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'I Am Innocent': NXIVM Leader Keith Raniere Speaks Out For First Time Since Arrest
Keith Raniere, who faces life behind bars for his actions as head of NXIVM, claims that he is the victim of injustice.
The former leader of the controversial group NXIVM is speaking out for the first time since his arrest and claiming his innocence just days before his sentencing.
Keith Raniere was convicted last year of sex-trafficking and racketeering while serving as the leader of NXIVM. The group had advertised itself as a self-help organization but within it evolved a clandestine, cult-like group involving master-slave relationships, sex, blackmail, and human branding. Raniere was the top of the organization’s secretive inner group, known as DOS, a pyramid scheme of "masters" and "slaves.” Its members made vows to obey their masters and were forced to turn over monthly collateral — often nude photos or other dirt on themselves or loved ones — to ensure loyalty. Women who became slaves were asked to recruit even more slaves to serve under them in a pyramid fashion. The illegal doings at the heart of the group became widely known in 2017 after several former members blew the whistle in an explosive New York Times article.
Raniere and his followers would also spend millions tying up NXIVM critics in court, including cult expert Rick Ross, who testified at Raniere’s trial.
In an interview that aired Friday on "NBC Nightly News with Lester Holt," Raniere claimed he is the victim of unethical prosecution. The interview ran just days before Raniere's fate will be determined — he faces life behind bars when he is sentenced on Tuesday morning in a Brooklyn federal court.
"I am innocent," he told interviewer Frank Parlato, blogger and former NXIVM publicist, in the interview.
Parlato himself has been embroiled in several legal battles with the group and was accused of stealing $1 million from NXIVM members and Seagrams heirs Sara and Clare Bronfman, Buffalo News reported last year. Those charges were later dropped, and Parlato has since worked with former NXIVM members to shine a line on the group’s illegal activities. He has also pleaded not guilty to tax allegations related to the group.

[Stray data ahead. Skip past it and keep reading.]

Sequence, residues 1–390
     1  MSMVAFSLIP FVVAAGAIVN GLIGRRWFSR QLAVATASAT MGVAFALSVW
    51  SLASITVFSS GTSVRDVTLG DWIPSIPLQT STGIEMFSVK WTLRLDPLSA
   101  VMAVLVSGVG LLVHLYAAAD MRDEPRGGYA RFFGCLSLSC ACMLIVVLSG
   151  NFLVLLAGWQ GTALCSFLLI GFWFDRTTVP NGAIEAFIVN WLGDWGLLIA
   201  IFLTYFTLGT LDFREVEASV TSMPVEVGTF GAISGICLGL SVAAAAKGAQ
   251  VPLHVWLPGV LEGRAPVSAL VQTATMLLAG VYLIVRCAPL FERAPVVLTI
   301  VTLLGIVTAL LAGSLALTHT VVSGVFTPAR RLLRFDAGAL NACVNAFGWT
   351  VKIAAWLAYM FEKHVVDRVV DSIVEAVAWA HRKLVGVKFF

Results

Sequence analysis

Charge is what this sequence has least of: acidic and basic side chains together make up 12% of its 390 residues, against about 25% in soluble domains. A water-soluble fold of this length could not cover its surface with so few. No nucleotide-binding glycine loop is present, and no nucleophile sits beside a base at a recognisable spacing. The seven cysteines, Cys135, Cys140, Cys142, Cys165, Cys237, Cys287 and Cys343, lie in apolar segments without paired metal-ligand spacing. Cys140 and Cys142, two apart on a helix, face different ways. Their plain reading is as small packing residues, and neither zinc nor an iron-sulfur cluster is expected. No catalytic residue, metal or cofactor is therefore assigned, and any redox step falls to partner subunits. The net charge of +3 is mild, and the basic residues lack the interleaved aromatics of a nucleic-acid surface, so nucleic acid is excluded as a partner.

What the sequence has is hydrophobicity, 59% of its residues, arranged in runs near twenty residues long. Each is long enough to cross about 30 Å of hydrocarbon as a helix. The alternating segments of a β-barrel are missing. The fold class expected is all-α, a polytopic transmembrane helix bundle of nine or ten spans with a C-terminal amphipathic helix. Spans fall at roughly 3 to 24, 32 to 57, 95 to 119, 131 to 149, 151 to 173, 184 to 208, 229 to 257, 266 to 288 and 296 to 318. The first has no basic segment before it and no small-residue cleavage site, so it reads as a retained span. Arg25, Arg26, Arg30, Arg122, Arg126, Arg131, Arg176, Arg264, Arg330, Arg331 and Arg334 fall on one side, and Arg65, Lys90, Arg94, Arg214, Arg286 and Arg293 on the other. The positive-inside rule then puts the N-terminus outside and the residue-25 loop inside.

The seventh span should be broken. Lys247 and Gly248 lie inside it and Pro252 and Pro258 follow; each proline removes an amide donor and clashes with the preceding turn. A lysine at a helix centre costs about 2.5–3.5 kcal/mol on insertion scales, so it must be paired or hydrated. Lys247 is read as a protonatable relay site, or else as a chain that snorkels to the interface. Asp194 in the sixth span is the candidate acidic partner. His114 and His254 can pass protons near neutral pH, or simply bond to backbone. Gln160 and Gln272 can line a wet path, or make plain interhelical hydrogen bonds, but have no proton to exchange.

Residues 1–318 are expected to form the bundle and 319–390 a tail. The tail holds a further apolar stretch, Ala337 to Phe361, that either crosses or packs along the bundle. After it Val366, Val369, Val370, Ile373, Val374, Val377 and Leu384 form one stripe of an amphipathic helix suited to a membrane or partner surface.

“This is a horrible tragedy with many, many people being hurt,” Raniere told him. “There is a horrible injustice here. And whether you think I’m the devil or not, the justice process has to be examined.”
Raniere and his defense fought to get him a new trial, but his bid was denied on Friday for a second time, WLNY in New York reported. Raniere alleged in his NBC interview federal prosecutors "scared away witnesses" who could have spoken favorably about him.
When contacted last week regarding Raniere’s bid for a new trial, a spokesperson for the U.S. Attorney's Office for the Eastern District of New York, told Oxygen.com by email, "No comment."
Raniere did admit some responsibility in the interview.
“I apologize for my participation in all of this pain and suffering,” he said. “I’ve clearly participated. I’ve been the leader of the community.”
Still, his lawyers indicated last month that Raniere won’t be seeking forgiveness.
“He is not sorry for his conduct or his choices,” they wrote in a court filing at the time, according to the New York Times. They claimed that he “intends to fight this case with all of his might, confident that he will one day be vindicated.”
Now, former NXIVM members and their family members are awaiting the results of Tuesday's sentencing in hopes justice will be served.
Kim Snyder, the sister of former NXIVM member Kristin Synder who claimed NXIVM brainwashed her in an apparent suicide note before vanishing in 2003, told Oxygen.com that she hopes Raniere's sentence is a long one.
"This brings 17 years to a head. It would bring closure," she said.
While her family never filed a police report in her sister’s case, she told Oxygen.com that she suspects foul play.